500.14] ("Daniel Webster [...] most successful . . ."): HWF 3.4.
500.17] "You owe it to yourself [...] TO YOUR INCOME!": untraced, perhaps from the cover of the edition of HWF Gaddis used.
500.18] "old King Akhtoi": "And 2,200 years before Christ was born, old King Akhtoi of Egypt gave his son some shrewd advice - advice that is sorely needed today. Old King Akhtoi said one afternoon, between drinks, four thousand years ago: 'Be diplomatic. It will help you gain your point'" (HWF 3.2).
500.22] The Socratic method [...] a 'yes, yes' response": HWF 3.5.
500.26] Christ and Confucius appeared, to recite the Golden Rule: HWF 2.6.
500.35] Nietzsche's idea of the Christian: best illustrated in his Antichrist.
500.42] "A little iodine [...] for five cents": HWF 3.6.
501.1] camel passing through the eye of the needle: see Matt. 19:24.
501.8] Reformation Symphony: Mendelssohn's Symphony No. 5, composed in 1830 for the tercentenary of the Augsburg Conference (at which Luther announced the establishment of the German Reformed church).
501.11] a land where mental diseases tolled more people than all other human ills combined: HWF 1.2.
502.32] the janitor [...] call him by his first name: one of Carnegie's success stories boasts: "'When I used to walk through my establishment, no one greeted me. My employees actually looked the other way when they saw me approaching. But now they are all my friends and even the janitor calls me by my first name'" (HWF, "How This Book Was Written - and Why").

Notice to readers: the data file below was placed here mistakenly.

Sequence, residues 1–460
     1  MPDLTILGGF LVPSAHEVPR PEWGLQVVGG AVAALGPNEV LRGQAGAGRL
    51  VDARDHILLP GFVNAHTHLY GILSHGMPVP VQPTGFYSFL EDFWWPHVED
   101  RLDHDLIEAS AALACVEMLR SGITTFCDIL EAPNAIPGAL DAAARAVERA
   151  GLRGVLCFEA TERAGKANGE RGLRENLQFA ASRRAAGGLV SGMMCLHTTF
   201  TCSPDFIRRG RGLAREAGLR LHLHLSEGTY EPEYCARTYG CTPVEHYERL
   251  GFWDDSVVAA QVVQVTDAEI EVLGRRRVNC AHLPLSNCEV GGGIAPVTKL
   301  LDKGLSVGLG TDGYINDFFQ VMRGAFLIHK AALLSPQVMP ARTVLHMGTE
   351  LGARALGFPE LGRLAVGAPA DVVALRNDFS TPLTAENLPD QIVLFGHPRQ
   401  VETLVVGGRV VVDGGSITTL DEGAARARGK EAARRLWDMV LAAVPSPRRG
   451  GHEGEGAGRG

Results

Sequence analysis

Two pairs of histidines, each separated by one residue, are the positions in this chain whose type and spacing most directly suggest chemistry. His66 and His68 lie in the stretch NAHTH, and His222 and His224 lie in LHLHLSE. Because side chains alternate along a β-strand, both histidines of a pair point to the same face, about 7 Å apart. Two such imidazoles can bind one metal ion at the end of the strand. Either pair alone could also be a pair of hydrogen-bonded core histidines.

503.3] King David, what did he say: "O my son Absalom, my son, my son Absalom! would God I had died for thee, O Absalom, my son! my son!" (2 Sam. 18:33). See 513.13.
503.11] the words of Rosalind
[...] but not for love": As You Like It, 4.1.106-8.
503.32] what was the shape of Mr. Pivner's soul? round, or oblong?: ridiculing early church councils, Saltus writes: "Meanwhile, in a corner of the Orient whither some of the flotsam and jetsam of civilization had drifted, a college of charlatans wearied the centuries with abstractions and discussions on words. Their earlier disputes are legendary. One of them concerned the soul. Was the soul round or oblong? This question was never satisfactorily determined" (AN 84-85).
503.34] round, smooth, and especially mobile?: repeated from 497.22.
504.36] chapter nine: HWF 3.9.
507.12] Albert, King of the Belgians, was killed mountain-climbing: died 1934.
508.15] Procrustes: in Greek legend, a robber who would place his victims on an iron bed and stretch them to fit if too short, and cut off the excess if too long; finally slain by Theseus. He is also called Damastes, as at 511.23.
511.24] Theseus [...] the sword his father had left behind: see Ovid's Metamorphoses, book 7.
511.31] Proteus [...] the curious caught him: in book 4 of Homer's Odyssey, Menelaus succeeds in holding Proteus long enough to wrest a prophecy from him.